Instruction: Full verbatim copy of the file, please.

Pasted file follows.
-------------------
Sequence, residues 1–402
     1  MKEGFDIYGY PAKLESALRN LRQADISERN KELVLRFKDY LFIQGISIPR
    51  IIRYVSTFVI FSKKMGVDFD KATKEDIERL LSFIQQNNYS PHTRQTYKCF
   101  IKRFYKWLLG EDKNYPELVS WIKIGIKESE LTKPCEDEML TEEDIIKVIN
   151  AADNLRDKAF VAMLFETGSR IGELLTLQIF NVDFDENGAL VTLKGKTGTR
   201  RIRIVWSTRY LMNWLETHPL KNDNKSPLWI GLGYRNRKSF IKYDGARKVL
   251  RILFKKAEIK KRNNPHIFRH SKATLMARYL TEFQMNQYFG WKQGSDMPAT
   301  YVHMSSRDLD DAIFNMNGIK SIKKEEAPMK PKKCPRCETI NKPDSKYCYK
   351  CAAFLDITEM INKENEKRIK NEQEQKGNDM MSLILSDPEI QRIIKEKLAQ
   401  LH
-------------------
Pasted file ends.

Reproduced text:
Sequence, residues 1–402
     1  MKEGFDIYGY PAKLESALRN LRQADISERN KELVLRFKDY LFIQGISIPR
    51  IIRYVSTFVI FSKKMGVDFD KATKEDIERL LSFIQQNNYS PHTRQTYKCF
   101  IKRFYKWLLG EDKNYPELVS WIKIGIKESE LTKPCEDEML TEEDIIKVIN
   151  AADNLRDKAF VAMLFETGSR IGELLTLQIF NVDFDENGAL VTLKGKTGTR
   201  RIRIVWSTRY LMNWLETHPL KNDNKSPLWI GLGYRNRKSF IKYDGARKVL
   251  RILFKKAEIK KRNNPHIFRH SKATLMARYL TEFQMNQYFG WKQGSDMPAT
   301  YVHMSSRDLD DAIFNMNGIK SIKKEEAPMK PKKCPRCETI NKPDSKYCYK
   351  CAAFLDITEM INKENEKRIK NEQEQKGNDM MSLILSDPEI QRIIKEKLAQ
   401  LH